Intro to Arduino/Physical Computing

Sensing and controlling the world with Arduino

Workshop Dates: April 16–20, 2018

Enroll here!

Keywords: prototyping, manufacturing, Arduino


Computers are ubiquitous in our lives. They live on our wrists, in our kitchens, and by the bus stop. These computers are becoming increasingly powerful, small, connected and cheap. This new wave of pervasive computing is also known as The Internet of Things.

Learning the basics of Physical Computing gives us a powerful shortcut into this realm. It is an incredible tool to understand how things work, and how we can hack them to behave the way we would like them to. It is also a fast prototyping technique that allows us to quickly test and demonstrate an idea, that might otherwise require a much higher level of technical knowledge to try out.

Arduino is an open-source electronics platform, that enables designers and makers to work hands-on with Physical Computing and create objects can sense and control the physical world. An Arduino board can read inputs from sensors (e.g. motion, temperature) and turn it into an output (e.g. motor, light). It can also communicate with applications running on a computer and communicate with the internet. Combining all these building blocks makes it possible to experiment and come up with new ways of interacting with computers.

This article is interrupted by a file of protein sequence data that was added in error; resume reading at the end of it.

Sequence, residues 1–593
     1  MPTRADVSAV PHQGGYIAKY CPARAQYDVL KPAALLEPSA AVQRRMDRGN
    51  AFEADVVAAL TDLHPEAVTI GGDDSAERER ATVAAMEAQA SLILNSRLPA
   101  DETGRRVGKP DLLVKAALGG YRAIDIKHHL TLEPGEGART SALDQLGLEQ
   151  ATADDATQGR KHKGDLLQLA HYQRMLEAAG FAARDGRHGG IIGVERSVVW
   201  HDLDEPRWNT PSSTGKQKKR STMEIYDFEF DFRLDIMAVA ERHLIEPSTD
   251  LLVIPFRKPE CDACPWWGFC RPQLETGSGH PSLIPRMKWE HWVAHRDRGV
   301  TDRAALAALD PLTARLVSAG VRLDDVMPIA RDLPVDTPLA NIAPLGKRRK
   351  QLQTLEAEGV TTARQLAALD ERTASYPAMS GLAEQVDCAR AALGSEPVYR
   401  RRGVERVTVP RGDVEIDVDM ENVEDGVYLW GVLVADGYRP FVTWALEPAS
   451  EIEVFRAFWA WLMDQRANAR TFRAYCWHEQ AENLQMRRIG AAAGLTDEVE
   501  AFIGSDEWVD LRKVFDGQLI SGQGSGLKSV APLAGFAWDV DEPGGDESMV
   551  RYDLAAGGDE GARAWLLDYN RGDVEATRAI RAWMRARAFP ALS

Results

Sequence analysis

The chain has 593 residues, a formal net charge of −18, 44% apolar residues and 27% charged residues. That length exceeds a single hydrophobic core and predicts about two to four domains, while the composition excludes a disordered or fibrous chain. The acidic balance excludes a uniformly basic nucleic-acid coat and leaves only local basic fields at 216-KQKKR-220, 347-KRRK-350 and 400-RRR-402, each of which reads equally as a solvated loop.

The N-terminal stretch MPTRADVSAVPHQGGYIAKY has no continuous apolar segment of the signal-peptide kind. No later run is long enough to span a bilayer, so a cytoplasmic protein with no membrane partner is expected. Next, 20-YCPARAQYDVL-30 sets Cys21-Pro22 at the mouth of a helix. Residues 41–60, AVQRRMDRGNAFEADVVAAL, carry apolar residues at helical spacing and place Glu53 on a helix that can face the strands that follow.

Through a series of short lectures, hands-on exercises and design-and-build challenges aligned with the UN Sustainable Development Goals, we will explore and learn the basic principles of Physical Computing and the Arduino platform.

Learning expectations:

      After the workshop each participant will:
      – Use Arduino as a sensing and output device
      – Get familiar with controlling electronics through logic and code
      – Gain an understanding of physical computing tools and techniques
      – Learn the role and potential of Programming and Physical Computing within the design process

In this course, we will cover all the basics to get started with physical computing. No prior experience with electronics or coding is necessary. Everybody can join.
Participants will need to bring their own laptop, with minimum requirements:
Mac OS X 10.7 Lion or never
Windows 8.1 or 10


Anders Højmose

Peter Kuhberg